So you want media coverage, preferably on the front page or the first screen. But is your story newsworthy enough? You have to ask yourself some challenging questions to figure that out.
How wonderful, or how shameful. Those two phrases could describe most of the news we consume. I’m guessing that you’re not pitching a shameful story, but is it truly wonderful instead?
News is information that the largest number of people in a particular place at a particular time either need or want to know. We no doubt need to know, for instance, about a new tax bill that will directly affect our take-home pay, so that would automatically qualify . But do we need to know about the private lives of silly celebrities? No, but many people want to read more gossip, so that would also be news.
We should also keep in mind why audiences turn to the media in the first place. I credit cultural critic Arthur Asa Berger for this partial list of the benefits audiences seek:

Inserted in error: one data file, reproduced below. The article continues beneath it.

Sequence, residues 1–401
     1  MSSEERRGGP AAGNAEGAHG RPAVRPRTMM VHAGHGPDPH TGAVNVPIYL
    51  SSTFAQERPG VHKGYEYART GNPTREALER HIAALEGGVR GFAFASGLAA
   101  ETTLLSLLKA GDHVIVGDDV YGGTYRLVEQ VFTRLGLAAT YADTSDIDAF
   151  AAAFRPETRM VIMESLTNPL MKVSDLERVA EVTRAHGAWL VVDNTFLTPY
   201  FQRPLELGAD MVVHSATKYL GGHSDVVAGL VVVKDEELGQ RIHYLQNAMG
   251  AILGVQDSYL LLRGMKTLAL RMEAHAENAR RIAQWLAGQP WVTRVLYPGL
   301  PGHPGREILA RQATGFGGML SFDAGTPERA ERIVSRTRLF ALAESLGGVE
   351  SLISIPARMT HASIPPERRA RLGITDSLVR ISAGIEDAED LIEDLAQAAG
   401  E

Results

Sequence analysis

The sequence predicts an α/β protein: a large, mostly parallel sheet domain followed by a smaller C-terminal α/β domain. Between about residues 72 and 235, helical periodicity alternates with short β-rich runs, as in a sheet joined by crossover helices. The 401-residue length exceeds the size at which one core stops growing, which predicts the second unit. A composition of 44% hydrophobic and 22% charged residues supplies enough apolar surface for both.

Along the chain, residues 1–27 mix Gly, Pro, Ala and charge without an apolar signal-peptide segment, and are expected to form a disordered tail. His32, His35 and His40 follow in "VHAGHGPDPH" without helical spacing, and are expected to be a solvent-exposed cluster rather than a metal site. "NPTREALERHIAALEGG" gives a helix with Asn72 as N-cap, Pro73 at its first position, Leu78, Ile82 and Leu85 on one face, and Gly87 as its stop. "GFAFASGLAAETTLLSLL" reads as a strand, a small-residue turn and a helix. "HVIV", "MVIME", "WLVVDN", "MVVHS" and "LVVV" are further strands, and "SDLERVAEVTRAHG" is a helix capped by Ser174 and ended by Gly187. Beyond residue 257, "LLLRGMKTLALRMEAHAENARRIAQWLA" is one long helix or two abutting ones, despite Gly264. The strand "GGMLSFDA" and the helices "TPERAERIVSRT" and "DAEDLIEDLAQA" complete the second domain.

- to be amused
- to satisfy curiosity and be informed
- to find models to imitate
- to believe in magic, the marvelous, and the miraculous
- to participate in history (vicariously)
Moreover, the famous French short story writer Guy de Maupassant explained it even more emphatically. In his view, the public “cries out” these commands to writers:
- Console me
- Amuse me
- Move me
- Make me dream
- Make me laugh
- Make me cry
- Make me think
So, place yourself behind the eyes of a typical news reader. Does your story satisfy any of these criteria? Does your product or service connect with a larger social or economic issue, or are you just seeking free advertising? Does your pitch have emotional appeal?
If you’re wondering how to proceed, ask your customers for reactions. Chances are their stories will fuel yours.
For more business insights and strategies, sign up for our free management newsletter.
Develop your communication skills with these AMA seminars and tools.